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Pulp Culture
'Sky Captain'
is all smoke
and mirrors


September 23, 2004
By Franklin Harris

"Sky Captain and the World of Tomorrow" is many things. It is writer/director Kerry Conran's homage to old movies, pulp magazines and Max Fleischer cartoons. It is an experiment in virtual filmmaking. And it is, at times, visually impressive. Unfortunately, it is also the one thing no action/adventure movie should be — breathtakingly dull.

Gwyneth Paltrow and Jude Law star in ''Sky Captain and the World of Tomorrow.''
Copyright © Paramount Pictures
Gwyneth Paltrow and Jude Law star in ''Sky Captain and the World of Tomorrow.''
"Sky Captain" is set in an alternate universe in which the 1930s was a golden age of super-science and technology. The sky is filled with dirigibles, which dock midair to unload passengers at the top of the Empire State Building. And no one seems particularly surprised when giant robots appear from nowhere to attack New York City. The film takes place in a world where the Great Depression and World War II seemingly never happened, and the only evil one has to fear is the occasional mad scientist.

The mad scientist in question is the mysterious Dr. Totenkopf, played, thanks to the miracles of modern technology, by Sir Laurence Olivier, who died in 1989. The film's other actors are real, but like Olivier, its sets exist only in a computer.

For reasons I won't spoil, Totenkopf dispatches his henchwoman (Bai Ling) with an army of giant robots and bat-like airplanes to kidnap several German scientists and steal various bits of technology and raw materials. As his machines ravage New York, the call goes out to the one man who can save the day.

That man is Joe "Sky Captain" Sullivan (Jude Law), a hero for hire, whose arsenal includes a tricked-out fighter plane and a private army, headquartered on a not-so-secret island base just off New York's coast.

Also on Totenkopf's trail is Sullivan's former lover, ace newspaper reporter Lois Lane. Oops. I mean Polly Perkins, played by Gwyneth Paltrow, who reads her lines with all the enthusiasm of Droopy Dog.

Joe has the firepower to stop Totenkopf, but Polly has the clues leading to the mysterious menace. So, the two are forced into an uneasy partnership, which takes them around the globe in search of Totenkopf's base.

While Joe and Polly's bickering is meant to remind us of screen duos like Spencer Tracy and Katherine Hepburn or Cary Grant and Rosalind Russell, Conran's amateurish dialogue never threatens the standard set by Howard Hawks' "His Girl Friday," and Law and Paltrow never generate romantic sparks. There is better chemistry between Sky Captain and his chief engineer, Dex (Giovanni Ribisi). Make of that what you will.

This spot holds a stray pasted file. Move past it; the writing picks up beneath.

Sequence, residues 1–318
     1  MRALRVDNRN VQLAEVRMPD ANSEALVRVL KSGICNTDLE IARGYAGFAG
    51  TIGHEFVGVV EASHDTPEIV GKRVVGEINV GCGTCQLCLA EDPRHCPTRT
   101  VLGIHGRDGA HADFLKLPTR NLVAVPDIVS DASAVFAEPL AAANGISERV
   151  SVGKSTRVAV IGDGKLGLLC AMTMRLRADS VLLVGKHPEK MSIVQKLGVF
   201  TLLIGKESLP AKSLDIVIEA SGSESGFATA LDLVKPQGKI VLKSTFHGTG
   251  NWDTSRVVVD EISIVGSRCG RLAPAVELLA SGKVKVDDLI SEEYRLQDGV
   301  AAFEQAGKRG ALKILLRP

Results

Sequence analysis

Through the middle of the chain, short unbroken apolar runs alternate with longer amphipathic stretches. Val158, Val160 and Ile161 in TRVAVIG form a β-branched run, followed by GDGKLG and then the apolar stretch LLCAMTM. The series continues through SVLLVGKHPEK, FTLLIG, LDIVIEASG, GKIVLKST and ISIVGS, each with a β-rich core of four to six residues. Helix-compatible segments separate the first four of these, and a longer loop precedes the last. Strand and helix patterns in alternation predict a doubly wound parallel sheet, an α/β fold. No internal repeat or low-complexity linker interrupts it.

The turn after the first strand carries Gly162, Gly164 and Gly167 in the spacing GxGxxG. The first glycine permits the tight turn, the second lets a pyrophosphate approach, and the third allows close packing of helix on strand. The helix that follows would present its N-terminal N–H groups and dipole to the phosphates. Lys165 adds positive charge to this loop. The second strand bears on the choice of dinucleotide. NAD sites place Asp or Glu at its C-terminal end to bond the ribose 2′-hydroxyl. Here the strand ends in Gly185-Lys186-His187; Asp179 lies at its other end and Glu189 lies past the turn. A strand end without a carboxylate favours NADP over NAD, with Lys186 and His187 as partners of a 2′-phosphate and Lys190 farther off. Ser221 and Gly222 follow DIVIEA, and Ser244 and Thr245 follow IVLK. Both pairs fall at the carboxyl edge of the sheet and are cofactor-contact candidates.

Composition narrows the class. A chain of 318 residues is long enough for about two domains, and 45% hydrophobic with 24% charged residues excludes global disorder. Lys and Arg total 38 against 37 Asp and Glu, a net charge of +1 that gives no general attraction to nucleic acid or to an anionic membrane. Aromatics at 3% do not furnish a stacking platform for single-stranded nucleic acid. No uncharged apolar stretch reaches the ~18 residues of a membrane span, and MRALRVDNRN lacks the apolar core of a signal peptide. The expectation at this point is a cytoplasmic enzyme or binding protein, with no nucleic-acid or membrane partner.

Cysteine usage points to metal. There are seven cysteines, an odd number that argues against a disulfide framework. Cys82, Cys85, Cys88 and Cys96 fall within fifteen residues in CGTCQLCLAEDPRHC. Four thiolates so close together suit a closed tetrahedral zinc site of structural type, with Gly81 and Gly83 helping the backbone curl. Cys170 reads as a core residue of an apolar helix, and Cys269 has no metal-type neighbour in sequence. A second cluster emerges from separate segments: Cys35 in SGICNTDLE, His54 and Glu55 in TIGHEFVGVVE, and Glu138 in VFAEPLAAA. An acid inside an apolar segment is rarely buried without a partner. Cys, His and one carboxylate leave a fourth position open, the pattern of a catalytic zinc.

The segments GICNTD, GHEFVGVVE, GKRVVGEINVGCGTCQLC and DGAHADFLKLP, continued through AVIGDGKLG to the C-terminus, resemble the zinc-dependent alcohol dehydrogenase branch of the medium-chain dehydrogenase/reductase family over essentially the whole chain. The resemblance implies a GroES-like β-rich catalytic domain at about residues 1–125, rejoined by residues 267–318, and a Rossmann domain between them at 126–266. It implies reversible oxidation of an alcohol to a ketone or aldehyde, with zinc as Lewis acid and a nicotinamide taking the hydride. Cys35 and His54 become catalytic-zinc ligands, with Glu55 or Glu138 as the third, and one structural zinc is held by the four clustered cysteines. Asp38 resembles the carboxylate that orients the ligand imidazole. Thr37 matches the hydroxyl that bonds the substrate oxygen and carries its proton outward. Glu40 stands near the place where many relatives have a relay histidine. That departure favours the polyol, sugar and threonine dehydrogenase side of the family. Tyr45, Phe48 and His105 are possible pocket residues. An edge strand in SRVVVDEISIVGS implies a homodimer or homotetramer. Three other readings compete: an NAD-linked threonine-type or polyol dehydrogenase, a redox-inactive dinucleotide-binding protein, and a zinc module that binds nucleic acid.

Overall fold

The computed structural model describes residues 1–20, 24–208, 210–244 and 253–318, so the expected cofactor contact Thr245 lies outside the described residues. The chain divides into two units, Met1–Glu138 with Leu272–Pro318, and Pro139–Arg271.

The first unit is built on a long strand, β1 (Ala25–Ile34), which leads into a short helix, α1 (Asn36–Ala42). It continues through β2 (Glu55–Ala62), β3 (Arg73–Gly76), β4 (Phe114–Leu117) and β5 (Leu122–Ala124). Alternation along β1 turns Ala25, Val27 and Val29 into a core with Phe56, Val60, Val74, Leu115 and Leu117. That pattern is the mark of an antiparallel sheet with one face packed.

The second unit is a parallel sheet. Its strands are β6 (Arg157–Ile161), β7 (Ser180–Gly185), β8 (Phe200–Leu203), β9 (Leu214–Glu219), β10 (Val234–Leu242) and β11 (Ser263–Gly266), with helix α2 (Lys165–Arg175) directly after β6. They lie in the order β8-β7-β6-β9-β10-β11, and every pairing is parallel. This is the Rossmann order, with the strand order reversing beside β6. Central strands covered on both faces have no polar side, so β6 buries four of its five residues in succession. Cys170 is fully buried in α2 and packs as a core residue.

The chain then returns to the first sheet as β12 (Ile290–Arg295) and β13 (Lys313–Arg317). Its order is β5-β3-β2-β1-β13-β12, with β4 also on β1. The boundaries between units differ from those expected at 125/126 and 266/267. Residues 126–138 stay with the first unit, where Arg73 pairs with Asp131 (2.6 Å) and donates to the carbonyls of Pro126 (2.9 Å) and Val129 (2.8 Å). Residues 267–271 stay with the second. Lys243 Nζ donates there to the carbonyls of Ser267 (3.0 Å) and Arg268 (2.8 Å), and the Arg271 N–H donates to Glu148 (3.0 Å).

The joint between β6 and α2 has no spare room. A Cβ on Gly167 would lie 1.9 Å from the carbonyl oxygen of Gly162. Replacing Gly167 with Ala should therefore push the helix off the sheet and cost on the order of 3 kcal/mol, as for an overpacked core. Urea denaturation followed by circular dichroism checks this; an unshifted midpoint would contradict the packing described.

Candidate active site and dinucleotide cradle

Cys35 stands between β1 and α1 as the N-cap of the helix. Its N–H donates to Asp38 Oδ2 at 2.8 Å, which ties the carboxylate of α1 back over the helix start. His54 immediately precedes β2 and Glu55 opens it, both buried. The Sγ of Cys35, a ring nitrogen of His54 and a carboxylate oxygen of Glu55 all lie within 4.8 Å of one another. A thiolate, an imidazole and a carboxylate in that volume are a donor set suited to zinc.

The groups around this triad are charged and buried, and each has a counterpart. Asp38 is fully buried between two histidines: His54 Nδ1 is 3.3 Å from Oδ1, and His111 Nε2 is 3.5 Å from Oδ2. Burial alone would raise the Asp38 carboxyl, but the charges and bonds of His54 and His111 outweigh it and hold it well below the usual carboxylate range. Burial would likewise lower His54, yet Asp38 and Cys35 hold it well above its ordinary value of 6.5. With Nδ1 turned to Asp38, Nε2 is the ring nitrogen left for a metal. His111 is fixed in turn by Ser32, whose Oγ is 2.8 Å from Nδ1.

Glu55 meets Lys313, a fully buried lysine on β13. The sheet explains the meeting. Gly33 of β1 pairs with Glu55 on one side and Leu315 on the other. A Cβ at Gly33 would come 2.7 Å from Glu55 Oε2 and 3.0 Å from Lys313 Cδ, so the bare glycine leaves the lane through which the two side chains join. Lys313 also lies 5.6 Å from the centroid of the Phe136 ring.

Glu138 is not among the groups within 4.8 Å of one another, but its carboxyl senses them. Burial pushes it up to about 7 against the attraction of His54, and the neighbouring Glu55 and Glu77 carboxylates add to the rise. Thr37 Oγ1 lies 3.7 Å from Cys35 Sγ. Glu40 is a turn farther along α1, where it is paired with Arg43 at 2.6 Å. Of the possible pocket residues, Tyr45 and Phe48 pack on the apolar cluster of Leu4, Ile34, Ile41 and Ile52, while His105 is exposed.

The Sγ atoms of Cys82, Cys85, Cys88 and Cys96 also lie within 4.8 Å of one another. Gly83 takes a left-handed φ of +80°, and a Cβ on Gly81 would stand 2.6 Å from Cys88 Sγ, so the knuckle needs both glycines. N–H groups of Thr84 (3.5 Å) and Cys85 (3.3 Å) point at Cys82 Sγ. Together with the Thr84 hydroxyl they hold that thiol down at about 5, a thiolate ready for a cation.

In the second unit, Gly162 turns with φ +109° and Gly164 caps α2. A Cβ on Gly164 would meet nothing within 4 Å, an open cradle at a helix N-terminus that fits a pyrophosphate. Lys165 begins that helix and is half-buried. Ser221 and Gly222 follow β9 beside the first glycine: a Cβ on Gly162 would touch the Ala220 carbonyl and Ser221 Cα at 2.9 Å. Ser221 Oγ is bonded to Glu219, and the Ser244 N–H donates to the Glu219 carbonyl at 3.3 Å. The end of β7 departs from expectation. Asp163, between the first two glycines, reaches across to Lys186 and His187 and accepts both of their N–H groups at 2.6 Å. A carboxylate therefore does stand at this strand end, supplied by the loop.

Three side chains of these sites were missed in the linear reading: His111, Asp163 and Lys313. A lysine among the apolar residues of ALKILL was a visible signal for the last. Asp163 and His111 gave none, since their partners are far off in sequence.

Conran models his opening, sometimes shot-for-shot, after Max and Dave Fleischer's 1941 Superman cartoon, "The Mechanical Monsters," which, not coincidentally, features robots just like the ones in "Sky Captain." Totenkopf's airplanes flap their wings, an idea swiped from the 1940s comic book "Airboy." And a Tibetan mining facility looks suspiciously like the Trylon and Perisphere built for the 1939 World's Fair. Once you get past the nostalgia, however, there isn't much else.

"Sky Captain" begins well, and the aerial combat amid New York's skyscrapers, with Polly acting as Joe's backseat driver, is the film's high point. Unfortunately, as soon as the action shifts from New York, it becomes obvious that there isn't enough story to sustain a feature-length movie, and the threadbare plot is filled with puzzling lapses of logic. Why do characters refer to World War I as World War I instead of as the Great War when, for all appearances, there hasn't been a World War II? How is it that Totenkopf can build a robot army but must steal power generators?

Angelina Jolie gets third billing, but she doesn't appear until the film's final act, playing a British aviation officer and another of Joe's former love interests. She struts around like a female Nick Fury, complete with eye patch and flying aircraft carrier, neither of which compensates for her atrocious English accent.

Watchful viewers will guess Totenkopf's big secret from the outset. It's no accident that his name first arises during a clandestine meeting between Polly and one of the German scientists at a theater showing "The Wizard of Oz."

The Oz reference is telling. Like the Wizard, "Sky Captain" is all smoke and mirrors.

Pay no attention to the man behind the curtain.

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